Lighting played a major role in the scale office design. Lower wattage bulbs, with minimal fixtures, were used. A large number of windows allow daylight to flow through the building, and, on a bright day, the lighting controls are set up to allow only 50 percent of the lights to be turned on. Motion sensors are also tied to the lighting system so that the lights automatically shut off if a room is empty for more than 20 to 30 minutes.
Quarried material is shown off to full advantage in the office’s concrete floor, which has a ground and polished finish. Low VOC paints and sealants were used throughout the interiors. Energy Star appliances were purchased and tankless water heaters provide hot water as needed to the low-flow faucets in the sinks.
In addition to the changes in the construction process and material selection, green housekeeping plans are being piloted throughout the company. Several sites are testing some of the more environmentally friendly cleaning products, equipment, and practices to determine their efficacy.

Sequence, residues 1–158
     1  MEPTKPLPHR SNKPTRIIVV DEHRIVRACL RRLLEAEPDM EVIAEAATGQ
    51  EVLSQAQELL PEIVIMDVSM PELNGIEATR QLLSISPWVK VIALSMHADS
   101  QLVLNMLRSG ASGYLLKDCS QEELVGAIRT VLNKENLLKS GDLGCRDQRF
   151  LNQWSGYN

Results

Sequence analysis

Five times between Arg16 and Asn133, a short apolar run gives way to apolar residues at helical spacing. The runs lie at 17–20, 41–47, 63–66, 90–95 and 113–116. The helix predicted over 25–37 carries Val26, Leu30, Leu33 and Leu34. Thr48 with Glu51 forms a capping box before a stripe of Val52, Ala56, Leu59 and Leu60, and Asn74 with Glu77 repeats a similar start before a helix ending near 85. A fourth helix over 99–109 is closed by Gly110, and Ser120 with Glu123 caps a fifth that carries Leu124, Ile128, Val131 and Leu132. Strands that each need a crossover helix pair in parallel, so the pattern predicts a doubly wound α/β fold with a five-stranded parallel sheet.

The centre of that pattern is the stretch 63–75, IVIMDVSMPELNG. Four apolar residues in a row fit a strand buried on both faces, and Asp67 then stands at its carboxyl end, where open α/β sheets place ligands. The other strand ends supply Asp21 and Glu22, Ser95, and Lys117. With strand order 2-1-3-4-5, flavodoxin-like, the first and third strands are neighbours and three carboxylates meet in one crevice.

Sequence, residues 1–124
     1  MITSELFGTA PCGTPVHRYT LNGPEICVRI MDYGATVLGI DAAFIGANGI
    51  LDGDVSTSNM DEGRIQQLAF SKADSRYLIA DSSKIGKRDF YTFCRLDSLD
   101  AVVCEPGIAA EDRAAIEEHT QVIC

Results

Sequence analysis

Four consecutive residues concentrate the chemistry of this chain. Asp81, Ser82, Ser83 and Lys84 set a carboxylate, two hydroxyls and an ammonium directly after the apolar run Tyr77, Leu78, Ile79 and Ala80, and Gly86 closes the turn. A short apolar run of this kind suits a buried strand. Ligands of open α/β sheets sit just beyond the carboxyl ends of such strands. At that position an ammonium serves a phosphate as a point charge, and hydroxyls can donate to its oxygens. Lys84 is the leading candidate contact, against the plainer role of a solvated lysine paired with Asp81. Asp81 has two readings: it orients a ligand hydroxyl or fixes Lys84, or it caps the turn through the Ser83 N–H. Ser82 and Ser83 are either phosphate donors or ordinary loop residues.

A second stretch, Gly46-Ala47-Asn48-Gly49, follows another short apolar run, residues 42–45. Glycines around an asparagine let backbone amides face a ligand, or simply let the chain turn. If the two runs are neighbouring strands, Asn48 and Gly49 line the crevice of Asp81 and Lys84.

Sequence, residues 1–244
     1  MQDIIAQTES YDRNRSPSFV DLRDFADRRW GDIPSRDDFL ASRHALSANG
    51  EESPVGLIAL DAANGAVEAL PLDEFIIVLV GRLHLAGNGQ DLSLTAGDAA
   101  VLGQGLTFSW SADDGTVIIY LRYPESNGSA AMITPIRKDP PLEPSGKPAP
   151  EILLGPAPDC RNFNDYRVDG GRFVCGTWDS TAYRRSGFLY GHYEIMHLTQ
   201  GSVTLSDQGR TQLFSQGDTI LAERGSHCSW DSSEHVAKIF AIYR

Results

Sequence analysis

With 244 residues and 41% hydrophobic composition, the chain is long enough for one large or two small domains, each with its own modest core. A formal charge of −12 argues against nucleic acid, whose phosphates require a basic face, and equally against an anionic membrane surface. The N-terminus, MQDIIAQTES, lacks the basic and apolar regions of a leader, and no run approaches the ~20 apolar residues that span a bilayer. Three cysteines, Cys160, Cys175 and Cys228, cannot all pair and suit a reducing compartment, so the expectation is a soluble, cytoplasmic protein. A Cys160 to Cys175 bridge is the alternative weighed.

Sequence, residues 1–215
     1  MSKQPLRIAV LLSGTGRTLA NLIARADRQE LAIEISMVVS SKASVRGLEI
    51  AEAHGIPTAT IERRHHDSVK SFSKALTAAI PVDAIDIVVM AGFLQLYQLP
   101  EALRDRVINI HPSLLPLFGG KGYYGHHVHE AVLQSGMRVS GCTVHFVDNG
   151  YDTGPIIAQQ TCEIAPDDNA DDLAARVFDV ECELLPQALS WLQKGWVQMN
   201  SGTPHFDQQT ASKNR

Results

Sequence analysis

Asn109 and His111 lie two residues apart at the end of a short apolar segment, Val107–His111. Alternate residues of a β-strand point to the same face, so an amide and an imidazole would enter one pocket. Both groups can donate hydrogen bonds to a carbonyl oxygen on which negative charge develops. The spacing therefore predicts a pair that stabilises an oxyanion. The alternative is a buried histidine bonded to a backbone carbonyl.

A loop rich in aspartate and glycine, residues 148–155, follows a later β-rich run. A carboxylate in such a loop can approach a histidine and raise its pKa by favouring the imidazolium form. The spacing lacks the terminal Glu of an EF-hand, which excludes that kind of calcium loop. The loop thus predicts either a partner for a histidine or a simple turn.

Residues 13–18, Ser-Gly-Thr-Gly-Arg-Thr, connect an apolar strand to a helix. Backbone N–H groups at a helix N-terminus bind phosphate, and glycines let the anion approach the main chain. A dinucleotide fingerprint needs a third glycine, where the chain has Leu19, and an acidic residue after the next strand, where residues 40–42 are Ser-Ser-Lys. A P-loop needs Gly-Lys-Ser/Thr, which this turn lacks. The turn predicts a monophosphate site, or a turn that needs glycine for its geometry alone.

With its first green building project under its belt, others may follow in the future. “We’ve pretty much decided that, while we might not do every project using green building certification, we will evaluate every building to see if it makes sense,” White says. “Even if we don’t pursue certification, we’ll still apply as many of the principals as make sense to that project.
“You don’t do it just for certification,” he adds. “You do it because it makes sense, and it’s the right thing to do.”
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